Certainly there are a lot of fictitious things in the media. We're in south Louisiana, and the state has one of the largest movie and TV presences outside of California and Hollywood, so we have a lot of people who like to come use the morgue after hours as a set. I'll usually ask them about the scene, and they'll usually describe the same thing, which is completely fictitious.

They talk about an emotional moment where a family member is going to be brought to the back, a white sheet will be draped over the body, then removed so the the family member can identify a deceased loved one. That doesn't happen. We use modern technology in identifying people. We don't need to put a family member through that type of trauma to identify their loved one. 

If you've ever been to a funeral, those bodies have been embalmed and had cosmetics applied to them so it looks like the person is sleeping. Here, because we're a scientific lab, the body is in a more natural form, so it's not what they'd imagine, and there's no reason to put the family though seeing them like that.

The other thing is how fast things happen on TV. There's a crime, then they go to the crime scene, then they go to commercial, and they come back and they've caught the bad guy. Real life is usually a bit more time and labor intensive than that.

On the converse, they do discuss the applicable science in a lot of the programs. For the more interesting ones, people in the industry will come have discussions with us ahead of time as they're developing and writing the scene or screenplay. I'll tell them what's made up by Hollywood and what's real. Then, later, I'll watch and see they've gone and used things that we've told them about in the final product. I find they get it right more often when we're consulted.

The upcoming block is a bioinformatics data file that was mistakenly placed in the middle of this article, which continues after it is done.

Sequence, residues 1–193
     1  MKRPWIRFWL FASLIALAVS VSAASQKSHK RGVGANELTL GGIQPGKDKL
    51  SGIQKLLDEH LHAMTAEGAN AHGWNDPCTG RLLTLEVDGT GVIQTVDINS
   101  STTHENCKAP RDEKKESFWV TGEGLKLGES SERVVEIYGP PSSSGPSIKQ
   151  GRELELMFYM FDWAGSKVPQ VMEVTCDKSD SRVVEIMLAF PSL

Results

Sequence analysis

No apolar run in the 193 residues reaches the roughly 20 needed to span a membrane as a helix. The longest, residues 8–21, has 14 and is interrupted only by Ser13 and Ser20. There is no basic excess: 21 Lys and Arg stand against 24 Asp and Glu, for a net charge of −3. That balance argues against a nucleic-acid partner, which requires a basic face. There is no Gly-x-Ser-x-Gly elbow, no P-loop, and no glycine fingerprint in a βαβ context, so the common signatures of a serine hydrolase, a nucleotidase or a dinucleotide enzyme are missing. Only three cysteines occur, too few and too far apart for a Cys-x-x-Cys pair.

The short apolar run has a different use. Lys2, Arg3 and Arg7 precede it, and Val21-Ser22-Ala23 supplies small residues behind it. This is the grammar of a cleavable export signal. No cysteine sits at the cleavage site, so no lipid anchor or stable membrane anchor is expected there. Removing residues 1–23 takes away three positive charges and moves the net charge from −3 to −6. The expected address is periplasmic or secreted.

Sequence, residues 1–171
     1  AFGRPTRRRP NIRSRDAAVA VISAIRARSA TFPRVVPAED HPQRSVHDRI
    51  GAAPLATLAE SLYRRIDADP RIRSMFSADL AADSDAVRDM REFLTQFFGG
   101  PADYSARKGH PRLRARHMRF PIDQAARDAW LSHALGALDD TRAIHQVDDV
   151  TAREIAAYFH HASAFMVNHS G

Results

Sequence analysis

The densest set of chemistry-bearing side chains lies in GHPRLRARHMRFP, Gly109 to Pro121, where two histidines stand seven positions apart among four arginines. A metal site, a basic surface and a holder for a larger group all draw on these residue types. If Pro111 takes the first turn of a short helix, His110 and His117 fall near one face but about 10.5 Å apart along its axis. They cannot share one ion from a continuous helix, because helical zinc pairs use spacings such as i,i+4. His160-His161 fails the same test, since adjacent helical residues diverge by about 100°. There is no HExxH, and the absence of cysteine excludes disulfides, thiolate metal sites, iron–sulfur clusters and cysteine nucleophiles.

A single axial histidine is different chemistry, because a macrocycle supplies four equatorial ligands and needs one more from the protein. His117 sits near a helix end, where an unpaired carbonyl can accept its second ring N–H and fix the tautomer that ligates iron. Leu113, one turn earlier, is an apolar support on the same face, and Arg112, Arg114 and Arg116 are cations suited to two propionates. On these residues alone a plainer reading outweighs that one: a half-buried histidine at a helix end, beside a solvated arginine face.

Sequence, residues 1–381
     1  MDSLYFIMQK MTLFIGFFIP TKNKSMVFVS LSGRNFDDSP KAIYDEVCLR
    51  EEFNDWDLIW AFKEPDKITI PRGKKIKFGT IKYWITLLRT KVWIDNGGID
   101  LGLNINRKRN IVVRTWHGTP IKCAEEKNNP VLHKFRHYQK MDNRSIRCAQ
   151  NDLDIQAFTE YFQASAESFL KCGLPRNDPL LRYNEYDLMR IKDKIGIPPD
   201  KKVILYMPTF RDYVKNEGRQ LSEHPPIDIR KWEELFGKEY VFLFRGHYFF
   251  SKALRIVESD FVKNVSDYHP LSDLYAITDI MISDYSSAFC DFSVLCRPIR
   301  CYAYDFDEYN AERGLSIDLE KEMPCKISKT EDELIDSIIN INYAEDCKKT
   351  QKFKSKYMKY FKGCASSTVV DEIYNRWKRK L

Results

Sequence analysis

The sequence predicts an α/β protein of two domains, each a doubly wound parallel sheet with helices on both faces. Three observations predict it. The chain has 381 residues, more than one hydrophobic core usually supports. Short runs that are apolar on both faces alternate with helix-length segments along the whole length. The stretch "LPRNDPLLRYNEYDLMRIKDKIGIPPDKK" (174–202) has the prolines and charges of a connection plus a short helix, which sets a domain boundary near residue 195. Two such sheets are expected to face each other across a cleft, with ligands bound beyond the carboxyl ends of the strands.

Are you at all desensitized to violence in pop culture after seeing human bodies in this manner for so long?
I don't think you ever get desensitized. If you do the same thing over and over every day, I'd say you could get used to it, but "desensitized" is too strong a word. 

I've been working with emergency medicine for the past 17 years and the coroner for the past five years. So you see a lot of things.

What's the craziest thing you've found in a corpse's stomach or orifice?
I can't say we have removed many things, let alone something weird or crazy.

What part of the job was the hardest thing to get over when you were new at it?
That's difficult to say. My entire career I've dealt with pretty traumatic events, and I rolled right over from that into being the coroner, so there wasn't too much that was surprising.

How has being a coroner affected your view of your own mortality?
It certainly makes it that much more recognizable. And I wouldn't say I focus as much on my own mortality as I do for my family. 

I've developed a new worry where every time I hear about my investigators going out to a car wreck on the interstate, and I'm at the office and my family is off at school or wherever, it's like, God, I hope it's not one of them or someone I know. You do get a little feeling in your gut every time that happens and start making some phone calls.

"Hey, where y'all at? You're at home? OK, good."

The irony is that this job gives you a real appreciation for life because you never know when death is going to happen. It's completely unpredictable.

What don't you want to happen to your body when you die?
Well, I hope I get to live a very long life, and I wish that for everyone I interact with as well.

But once I'm dead, I won't really know or care what happens to me.